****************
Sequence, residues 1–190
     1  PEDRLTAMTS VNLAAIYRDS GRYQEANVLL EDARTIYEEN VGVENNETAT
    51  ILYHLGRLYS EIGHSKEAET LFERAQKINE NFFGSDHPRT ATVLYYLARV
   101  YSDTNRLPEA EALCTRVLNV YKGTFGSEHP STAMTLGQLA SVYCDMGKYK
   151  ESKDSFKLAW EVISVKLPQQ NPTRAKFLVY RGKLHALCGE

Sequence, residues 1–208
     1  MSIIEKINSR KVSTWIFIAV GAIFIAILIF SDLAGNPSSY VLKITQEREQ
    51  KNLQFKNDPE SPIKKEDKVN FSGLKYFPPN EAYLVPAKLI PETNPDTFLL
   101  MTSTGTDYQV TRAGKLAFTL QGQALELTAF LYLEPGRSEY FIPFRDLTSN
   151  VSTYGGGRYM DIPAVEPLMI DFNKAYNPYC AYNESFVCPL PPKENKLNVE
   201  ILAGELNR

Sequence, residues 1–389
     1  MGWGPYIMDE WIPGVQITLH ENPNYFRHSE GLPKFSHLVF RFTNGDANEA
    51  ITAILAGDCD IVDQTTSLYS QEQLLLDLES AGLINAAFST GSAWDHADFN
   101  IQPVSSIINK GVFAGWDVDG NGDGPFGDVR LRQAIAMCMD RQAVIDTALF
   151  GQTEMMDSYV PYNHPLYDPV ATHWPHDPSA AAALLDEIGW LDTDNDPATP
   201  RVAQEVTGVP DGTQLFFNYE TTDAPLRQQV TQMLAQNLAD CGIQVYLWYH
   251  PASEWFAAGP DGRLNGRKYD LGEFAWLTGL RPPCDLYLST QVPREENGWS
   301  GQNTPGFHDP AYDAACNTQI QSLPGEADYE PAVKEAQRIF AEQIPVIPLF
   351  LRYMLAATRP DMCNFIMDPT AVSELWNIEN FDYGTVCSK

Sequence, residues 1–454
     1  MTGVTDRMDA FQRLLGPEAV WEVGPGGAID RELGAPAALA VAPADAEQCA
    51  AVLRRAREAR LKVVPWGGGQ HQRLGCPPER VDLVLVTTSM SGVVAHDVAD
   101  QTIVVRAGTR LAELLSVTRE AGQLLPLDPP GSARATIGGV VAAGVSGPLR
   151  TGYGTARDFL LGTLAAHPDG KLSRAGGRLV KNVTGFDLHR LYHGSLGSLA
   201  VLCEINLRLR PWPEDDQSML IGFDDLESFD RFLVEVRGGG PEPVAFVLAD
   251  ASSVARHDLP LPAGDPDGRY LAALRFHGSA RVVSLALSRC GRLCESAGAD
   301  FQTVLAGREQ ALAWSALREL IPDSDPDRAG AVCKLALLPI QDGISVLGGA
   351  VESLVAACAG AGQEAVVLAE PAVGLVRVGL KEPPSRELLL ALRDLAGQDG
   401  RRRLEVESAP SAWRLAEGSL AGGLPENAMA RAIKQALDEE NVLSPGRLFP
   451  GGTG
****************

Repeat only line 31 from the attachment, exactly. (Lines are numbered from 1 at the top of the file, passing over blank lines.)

   451  GGTG